Not only do the Cubans possess a zest for life and relationships, but they’re extremely generous. They have so little, and yet they were willing to share everything they have with us! Several women from the church cooked huge meals for us daily. The staples included rice and beans (enough to fill a cooler); chicken, pork, and hotdogs to put over the rice; avocado; and plantains. The food was absolutely amazing! I have no idea how I ate so much and didn’t gain 10 pounds, ha. Shrimp caught locally, potatoes, mangoes off their trees, and a sweet papaya concoction were served as treats. And we could drink coffee at every meal–strong, espresso coffee with the sugar brewed right in. We tried to do the dishes and clean up the kitchen; but if one of the church members started first, they wouldn’t let us help. At times, I wondered why they accepted ME and why they were so kind to a stranger from another country. But their affection and interest were genuine. I made some wonderful new friends, and I miss them dearly.

The trek to Cuba marked my first time in a Communist country, the first time I’ve ever been to a nation where the people are not free to live, work, or worship the way they choose. Seeing this in person broke my heart. As the government welcomes hoards of new visitors from the United States, popular tourist spots like old Havana are under construction. Modern hotels and museums are going up everywhere. Other landmarks are being cleaned up and renovated. But it’s largely window-dressing. A few miles outside the capital city, homes and businesses are in desperate need of repairs. The roads are wrecked, and trash is piled up in many spots. People keep asking me about the classic cars in Cuba. Yes, the streets and parking lots resemble antique car shows. I was in awe until I realized how often they break down. Very few Cubans can buy parts to fix them or buy newer autos, so they do whatever they can to get their vehicles back on the road. Only a small percentage of adults own a driver’s license.

The “private sector” is nearly non-existent in Cuba. The majority of the work force is operated by the government. Some people farm or cook and sell food out of their homes; others use their horses and buggies to give taxi rides. But the Communist state controls the economy with a tight fist. Cubans can’t “get ahead” if they work hard and excel at their crafts. All the money made by the influx of tourism goes directly to the government, not the people who need it. Because of this, visiting the country is like stepping back in time. They’re stuck. They don’t have a viable postal system; in some places, they don’t even have mailing addresses. The worst part, though, is the people aren’t allowed to leave. Very few visas are granted for travel outside Cuba because the government is afraid its citizens won’t return. After witnessing their quality of life and oppression over nine days, I began to understand why some risk their lives in desperate attempts to flee the 90 miles to Florida and freedom.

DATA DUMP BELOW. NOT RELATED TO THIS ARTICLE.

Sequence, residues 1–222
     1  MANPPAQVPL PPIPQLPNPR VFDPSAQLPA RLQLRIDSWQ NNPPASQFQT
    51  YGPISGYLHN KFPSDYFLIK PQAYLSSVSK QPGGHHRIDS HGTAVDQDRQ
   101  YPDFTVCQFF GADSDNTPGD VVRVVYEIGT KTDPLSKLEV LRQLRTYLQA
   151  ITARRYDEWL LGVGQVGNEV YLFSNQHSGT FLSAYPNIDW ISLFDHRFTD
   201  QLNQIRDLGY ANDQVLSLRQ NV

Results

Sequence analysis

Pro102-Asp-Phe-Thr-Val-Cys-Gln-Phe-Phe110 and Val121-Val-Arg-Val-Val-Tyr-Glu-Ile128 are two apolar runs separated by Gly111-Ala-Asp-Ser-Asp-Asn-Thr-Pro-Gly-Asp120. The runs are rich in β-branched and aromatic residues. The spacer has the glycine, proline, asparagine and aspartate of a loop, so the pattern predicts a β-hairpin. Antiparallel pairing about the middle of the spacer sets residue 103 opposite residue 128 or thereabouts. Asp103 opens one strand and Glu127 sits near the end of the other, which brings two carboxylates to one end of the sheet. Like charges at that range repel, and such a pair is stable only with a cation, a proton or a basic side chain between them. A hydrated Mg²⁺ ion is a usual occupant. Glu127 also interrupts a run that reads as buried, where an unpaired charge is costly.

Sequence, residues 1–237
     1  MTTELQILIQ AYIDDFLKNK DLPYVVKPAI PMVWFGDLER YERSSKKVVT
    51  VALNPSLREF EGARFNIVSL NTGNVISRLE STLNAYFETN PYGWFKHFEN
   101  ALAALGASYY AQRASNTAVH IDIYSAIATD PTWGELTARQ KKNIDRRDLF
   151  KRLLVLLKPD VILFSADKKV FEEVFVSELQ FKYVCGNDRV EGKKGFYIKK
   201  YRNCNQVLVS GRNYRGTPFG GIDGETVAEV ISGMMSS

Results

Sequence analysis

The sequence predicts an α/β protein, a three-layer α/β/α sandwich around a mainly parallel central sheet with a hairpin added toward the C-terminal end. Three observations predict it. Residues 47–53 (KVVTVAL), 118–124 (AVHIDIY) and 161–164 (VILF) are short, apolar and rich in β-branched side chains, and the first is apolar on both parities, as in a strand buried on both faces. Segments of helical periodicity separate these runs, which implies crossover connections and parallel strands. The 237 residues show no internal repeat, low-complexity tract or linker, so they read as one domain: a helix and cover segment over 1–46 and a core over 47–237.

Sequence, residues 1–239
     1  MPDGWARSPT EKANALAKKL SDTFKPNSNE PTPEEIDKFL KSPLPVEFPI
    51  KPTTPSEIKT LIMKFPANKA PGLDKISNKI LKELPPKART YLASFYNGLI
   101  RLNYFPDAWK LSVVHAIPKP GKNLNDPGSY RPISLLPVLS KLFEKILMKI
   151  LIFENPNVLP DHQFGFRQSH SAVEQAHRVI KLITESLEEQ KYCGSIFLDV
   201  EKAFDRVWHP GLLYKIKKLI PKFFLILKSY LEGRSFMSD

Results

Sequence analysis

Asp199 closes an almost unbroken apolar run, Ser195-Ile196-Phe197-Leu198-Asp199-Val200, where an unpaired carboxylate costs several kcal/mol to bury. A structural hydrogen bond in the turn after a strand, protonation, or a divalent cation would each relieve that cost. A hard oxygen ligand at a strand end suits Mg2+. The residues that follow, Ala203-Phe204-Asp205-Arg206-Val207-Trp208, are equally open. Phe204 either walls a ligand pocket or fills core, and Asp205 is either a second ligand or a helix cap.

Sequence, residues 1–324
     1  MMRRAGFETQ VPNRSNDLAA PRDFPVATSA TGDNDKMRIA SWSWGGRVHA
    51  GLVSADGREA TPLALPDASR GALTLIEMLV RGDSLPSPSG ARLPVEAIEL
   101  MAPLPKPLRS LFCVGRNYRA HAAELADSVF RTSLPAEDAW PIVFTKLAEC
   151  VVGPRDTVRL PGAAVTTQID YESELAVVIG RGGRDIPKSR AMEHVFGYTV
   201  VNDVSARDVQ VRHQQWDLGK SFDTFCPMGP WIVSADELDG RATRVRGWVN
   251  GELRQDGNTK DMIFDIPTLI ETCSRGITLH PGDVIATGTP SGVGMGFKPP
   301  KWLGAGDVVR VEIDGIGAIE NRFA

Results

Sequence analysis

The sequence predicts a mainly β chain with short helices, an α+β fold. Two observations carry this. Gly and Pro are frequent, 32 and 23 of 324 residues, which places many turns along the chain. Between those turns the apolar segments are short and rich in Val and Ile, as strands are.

Since returning home, I’m overwhelmingly grateful for the blessings we enjoy as US citizens. Remembering what I saw and heard keeps me from complaining about minor inconveniences that seem so insignificant compared to the challenges of living in Cuba. I’ve also wrangled with sadness, anger, and helplessness. I want to do more to help my new friends. I pray for their safety and for changes to the government, and I enjoy communicating with them on Facebook and email. I also read the notes I scribbled in my journal about my favorite moments from the trip–teaching Sunday school class and sharing snowmen, penguin, and reindeer stickers with the kiddos; playing kickball and other games with the youth group on a dirt field behind the Pastor’s house; and spending the day at Varadero, the beach they call the most beautiful in Cuba.

I won’t forget talking about béisbol with Camilo or laughing with Sucel or riding in the front seat of our cab with Daniel who navigates the crazy Havana traffic like a pro. I still smile about playing “water games” on a wet, soapy tarp inside the church; giving the Pastor all the school supplies I could pack into my suitcase; standing in line for two hours to eat gobs of ice cream at the famous Coppelia; tearing up when we sang Amazing Grace on Sunday morning; and snapping pictures for 20 minutes as we said good-bye the last night.